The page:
May 1, 2015
FOR IMMEDIATE RELEASE
Contact: Janet Wilson, Public Information Coordinator,
Arkansas Department of Information Systems
LITTLE ROCK, Ark. -- Millions of dollars in federal E-rate funding could be received by the state after the Federal Communications Commission (FCC) granted a waiver request by the Arkansas Department of Information Systems (DIS) to a contract rule that prompted the FCC to withhold three years of funding requests.
The FCC suspended E-rate funding requests by DIS for program years 2012, 2013 and 2014 due to a rule requiring E-rate applicants to have a signed contract in place before filing an application. E-rate program rules require DIS to file applications for technology services on behalf of public schools and libraries connected to the Arkansas state network. DIS also negotiates E-rate-related contracts and pays provider invoices for the services.
“The governor’s direct involvement in the discussions with the FCC was invaluable and I am pleased that our dialogue with them paid off,” said DIS Director Mark Myers. “The governor is acutely aware that without the benefit of funding from the E-rate program, it would be difficult for many of our schools and community libraries to provide basic Internet and telecommunications technologies.”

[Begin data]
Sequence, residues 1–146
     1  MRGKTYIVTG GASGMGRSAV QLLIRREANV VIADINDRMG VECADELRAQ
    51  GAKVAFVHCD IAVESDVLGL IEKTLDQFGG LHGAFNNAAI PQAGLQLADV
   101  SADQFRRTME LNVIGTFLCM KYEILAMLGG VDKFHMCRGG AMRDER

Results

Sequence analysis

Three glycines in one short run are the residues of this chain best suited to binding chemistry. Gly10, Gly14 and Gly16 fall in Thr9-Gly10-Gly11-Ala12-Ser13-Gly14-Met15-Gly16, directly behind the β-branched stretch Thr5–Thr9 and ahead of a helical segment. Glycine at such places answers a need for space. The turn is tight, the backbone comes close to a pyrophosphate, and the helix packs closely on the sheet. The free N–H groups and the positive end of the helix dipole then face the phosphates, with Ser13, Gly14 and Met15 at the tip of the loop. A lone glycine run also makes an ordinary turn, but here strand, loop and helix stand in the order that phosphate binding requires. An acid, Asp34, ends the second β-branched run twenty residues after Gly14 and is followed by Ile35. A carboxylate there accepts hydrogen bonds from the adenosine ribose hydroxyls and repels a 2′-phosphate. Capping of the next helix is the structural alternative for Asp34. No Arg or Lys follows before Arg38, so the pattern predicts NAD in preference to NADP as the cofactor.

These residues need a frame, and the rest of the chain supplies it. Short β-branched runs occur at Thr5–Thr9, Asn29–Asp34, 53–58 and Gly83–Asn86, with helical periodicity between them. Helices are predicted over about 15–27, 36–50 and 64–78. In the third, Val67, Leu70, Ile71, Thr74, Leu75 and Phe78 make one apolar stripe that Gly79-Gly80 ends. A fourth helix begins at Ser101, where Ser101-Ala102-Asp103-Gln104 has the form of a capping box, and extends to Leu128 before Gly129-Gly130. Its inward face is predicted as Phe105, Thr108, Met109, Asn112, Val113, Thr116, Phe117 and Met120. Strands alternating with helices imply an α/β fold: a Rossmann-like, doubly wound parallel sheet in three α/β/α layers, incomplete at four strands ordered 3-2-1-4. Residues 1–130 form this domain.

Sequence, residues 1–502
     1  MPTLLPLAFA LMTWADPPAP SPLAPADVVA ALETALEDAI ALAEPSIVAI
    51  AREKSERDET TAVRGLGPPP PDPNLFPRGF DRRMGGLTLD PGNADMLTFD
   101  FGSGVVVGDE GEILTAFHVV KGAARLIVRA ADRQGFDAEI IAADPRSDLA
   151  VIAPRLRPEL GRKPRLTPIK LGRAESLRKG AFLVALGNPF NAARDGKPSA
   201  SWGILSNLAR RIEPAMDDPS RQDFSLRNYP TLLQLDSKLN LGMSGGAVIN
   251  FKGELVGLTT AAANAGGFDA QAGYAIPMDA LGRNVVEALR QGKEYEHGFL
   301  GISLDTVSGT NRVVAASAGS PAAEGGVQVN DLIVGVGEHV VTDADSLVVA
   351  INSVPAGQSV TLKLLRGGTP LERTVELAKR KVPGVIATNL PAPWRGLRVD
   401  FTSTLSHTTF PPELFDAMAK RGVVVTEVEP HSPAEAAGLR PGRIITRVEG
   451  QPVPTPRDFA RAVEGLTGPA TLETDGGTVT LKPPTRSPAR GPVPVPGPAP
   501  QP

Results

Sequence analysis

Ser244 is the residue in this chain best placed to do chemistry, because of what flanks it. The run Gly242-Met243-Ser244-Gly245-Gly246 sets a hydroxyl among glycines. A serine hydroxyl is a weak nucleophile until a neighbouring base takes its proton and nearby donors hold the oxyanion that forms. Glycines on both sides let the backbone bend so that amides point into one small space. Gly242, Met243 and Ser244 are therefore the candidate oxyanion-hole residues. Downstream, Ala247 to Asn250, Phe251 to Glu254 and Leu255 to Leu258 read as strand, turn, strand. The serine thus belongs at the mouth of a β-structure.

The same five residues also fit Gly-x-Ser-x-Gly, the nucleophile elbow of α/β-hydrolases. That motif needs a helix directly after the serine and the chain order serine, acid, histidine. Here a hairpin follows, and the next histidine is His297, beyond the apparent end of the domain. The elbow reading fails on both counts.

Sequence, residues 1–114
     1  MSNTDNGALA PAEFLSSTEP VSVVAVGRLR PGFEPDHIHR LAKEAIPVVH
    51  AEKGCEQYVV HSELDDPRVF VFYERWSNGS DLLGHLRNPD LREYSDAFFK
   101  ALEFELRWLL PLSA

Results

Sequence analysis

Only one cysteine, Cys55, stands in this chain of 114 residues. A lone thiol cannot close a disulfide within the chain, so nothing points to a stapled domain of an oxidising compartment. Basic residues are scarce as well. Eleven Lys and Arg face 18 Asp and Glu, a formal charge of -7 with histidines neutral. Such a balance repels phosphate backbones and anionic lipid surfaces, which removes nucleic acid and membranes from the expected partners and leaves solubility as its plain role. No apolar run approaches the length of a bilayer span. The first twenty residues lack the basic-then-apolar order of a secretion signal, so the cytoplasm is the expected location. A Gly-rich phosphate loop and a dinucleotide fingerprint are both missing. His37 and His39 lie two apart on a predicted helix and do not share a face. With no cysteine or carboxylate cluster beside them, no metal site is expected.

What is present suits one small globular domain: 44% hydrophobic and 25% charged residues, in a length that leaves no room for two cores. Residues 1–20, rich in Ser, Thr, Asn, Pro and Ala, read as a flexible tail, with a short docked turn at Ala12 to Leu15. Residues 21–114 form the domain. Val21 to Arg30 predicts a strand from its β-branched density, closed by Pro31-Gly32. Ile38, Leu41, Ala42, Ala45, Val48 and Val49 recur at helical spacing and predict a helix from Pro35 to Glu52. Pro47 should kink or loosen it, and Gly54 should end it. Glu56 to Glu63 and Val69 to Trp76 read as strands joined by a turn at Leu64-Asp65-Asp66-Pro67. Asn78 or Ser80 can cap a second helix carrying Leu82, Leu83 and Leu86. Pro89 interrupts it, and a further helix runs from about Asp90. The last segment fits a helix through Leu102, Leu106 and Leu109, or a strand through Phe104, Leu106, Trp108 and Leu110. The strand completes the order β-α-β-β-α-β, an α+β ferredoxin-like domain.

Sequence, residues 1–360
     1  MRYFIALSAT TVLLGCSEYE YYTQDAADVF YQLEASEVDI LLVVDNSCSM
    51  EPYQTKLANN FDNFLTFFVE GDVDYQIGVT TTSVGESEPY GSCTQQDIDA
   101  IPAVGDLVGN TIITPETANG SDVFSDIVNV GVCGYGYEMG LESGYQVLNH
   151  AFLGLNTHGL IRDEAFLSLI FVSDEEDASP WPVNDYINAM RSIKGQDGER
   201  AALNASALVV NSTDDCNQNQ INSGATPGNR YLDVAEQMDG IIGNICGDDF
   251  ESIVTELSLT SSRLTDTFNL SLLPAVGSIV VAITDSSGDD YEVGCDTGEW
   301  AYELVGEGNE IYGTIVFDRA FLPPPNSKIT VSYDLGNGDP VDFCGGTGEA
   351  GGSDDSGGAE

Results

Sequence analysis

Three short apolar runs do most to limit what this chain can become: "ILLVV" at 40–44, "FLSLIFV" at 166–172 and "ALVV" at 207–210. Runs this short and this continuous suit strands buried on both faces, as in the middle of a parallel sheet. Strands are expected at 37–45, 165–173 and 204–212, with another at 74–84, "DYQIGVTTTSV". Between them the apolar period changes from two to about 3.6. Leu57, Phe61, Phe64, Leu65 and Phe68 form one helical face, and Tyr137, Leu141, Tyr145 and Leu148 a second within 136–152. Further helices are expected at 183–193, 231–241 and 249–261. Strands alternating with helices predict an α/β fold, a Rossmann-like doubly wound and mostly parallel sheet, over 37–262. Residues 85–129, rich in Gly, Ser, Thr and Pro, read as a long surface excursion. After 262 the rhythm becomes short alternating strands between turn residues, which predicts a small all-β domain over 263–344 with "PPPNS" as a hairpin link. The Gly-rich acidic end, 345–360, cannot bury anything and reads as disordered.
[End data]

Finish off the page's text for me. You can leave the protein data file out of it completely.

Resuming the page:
In its March 11, 2015, waiver request to FCC Secretary Marlene Dortch, DIS maintained that the services at issue were competitively bid and contracts were awarded in prior funding years for an initial term with optional one-year extensions. For the funding years in question, the initial term of some contracts expired and a one-year extension was needed. DIS successfully appealed to the FCC that signed contracts were in place for the funding years in question before any services were delivered.
“An important part of our appeal to the FCC was that denial of funding would impair our ability to provide broadband services to schools across Arkansas and would unfairly penalize our schools,” Myers said. “We assured the FCC the state would work to modify the procurement process to align with the E-rate funding cycle so this issue does not happen again.”
Several procedural steps must occur at the federal level before DIS is informed about the amount of E-rate funding for the contested years the state will receive.
E-rate is a federal program that helps public and private K-12 schools, school districts, educational cooperatives and libraries throughout the United States obtain affordable telecommunications and Internet access services. E-rate is administered by the Schools and Libraries Division (SLD) of the Universal Service Administrative Company (USAC) on behalf of the FCC.